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Chinese spend a lot on overseas trips

2 November 2007

Chinese tourists are spending money lavishly on overseas travel – with an average of $3,000 per overseas trip.

This total expenditure includes money for shopping abroad, luxurious accommodation and expenses ahead of the trip.

A survey conducted recently by the Nielsen Company and Pacific Asia Travel Association shows that Chinese travelers to Europe are the biggest spenders, spending an average of $5,253 per trip.

However, those holidaying in Asia were found to spent about $1,900 per person, with the exception of those traveling to Hong Kong and Macao. Those Chinese traveling to Hong Kong and Macao, the destinations the Chinese traditionally opt for shopping and entertainment, spend an average of was $2,185 per person.

In a statement, Grace Pan, head of travel and leisure research for the Nielsen Company, China, said that Asia remained the most popular destination for Chinese travelers because of the proximity. However, trips to Europe and America are becoming increasingly popular, particularly when the number of business travelers is added.

The survey also found that, while mass-market travelers focused on budget travel, “there is a fast-emerging affluent market segment prepared to indulge in luxury travel.”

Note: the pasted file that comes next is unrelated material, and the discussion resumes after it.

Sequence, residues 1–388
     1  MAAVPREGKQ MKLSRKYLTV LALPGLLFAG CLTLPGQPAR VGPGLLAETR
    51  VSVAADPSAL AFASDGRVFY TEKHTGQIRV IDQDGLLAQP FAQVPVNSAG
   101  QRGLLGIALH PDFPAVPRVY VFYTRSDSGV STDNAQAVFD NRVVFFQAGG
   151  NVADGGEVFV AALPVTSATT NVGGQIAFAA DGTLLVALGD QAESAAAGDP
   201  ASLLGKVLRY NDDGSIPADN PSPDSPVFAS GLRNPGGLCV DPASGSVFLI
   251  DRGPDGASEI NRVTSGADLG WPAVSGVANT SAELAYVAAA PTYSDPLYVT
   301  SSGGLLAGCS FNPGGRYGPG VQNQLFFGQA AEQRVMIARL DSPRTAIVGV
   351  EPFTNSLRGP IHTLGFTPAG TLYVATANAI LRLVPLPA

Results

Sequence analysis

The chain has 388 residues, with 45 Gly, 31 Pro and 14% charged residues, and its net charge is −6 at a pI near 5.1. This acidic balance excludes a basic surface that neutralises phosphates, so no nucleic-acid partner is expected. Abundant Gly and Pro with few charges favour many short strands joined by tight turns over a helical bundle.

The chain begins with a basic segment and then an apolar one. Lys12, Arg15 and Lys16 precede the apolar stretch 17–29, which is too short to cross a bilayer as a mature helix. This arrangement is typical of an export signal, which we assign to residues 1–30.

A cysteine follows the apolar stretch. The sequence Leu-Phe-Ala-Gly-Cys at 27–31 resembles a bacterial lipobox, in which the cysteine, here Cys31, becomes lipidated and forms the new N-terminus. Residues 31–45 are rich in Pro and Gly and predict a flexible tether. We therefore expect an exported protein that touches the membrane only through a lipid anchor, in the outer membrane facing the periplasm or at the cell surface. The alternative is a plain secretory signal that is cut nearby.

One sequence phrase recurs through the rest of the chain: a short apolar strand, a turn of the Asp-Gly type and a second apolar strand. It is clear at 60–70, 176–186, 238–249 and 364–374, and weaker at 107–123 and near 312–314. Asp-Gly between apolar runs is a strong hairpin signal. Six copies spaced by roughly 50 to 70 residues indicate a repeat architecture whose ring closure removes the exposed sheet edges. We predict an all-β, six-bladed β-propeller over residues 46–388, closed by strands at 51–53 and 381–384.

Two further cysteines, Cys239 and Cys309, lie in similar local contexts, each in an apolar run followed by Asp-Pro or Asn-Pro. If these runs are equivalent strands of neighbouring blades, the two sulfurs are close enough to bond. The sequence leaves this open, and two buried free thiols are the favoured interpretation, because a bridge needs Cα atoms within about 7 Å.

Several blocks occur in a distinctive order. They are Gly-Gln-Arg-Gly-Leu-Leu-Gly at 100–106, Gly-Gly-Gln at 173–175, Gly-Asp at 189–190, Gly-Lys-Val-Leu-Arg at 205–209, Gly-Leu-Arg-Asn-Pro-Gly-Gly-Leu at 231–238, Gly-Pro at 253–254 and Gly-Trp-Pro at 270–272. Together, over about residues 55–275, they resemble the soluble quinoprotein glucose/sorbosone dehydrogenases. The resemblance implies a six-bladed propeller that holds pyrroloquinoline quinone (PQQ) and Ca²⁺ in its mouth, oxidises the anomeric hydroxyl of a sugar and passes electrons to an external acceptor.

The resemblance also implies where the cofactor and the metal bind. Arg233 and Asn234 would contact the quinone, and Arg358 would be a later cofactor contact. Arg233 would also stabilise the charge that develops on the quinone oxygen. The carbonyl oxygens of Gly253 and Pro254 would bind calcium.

Over one-third of the Chinese who travel overseas choose to stay in four-star hotels, with a further 10% opting for five-star accommodation.

It was revealed that Chinese consumers were becoming “more sophisticated and better prepared” when planning their trips, using all the information available to them on the internet.

According to the survey, while about 7 in 10 leisure travelers from China accessed destination websites, about 6 in 10 used online travel discussion forums to source information.

The internet is the most popular source of information for potential travelers, the survey showed, followed by travel agents and other media such as newspapers and magazines.

While a majority of Chinese tourists still uses travel agents (61%), 29% opted for online travel services, and 16% used websites of hotel or transport operators.

The survey predicted that holiday bookings made via the internet would go up further.

According to John Koldowski, director of the Pacific Asia Travel Association’s Strategic Intelligence Centre, the Chinese made 35 million overseas trips in 2006 and that the figures are expected to rise dramatically.






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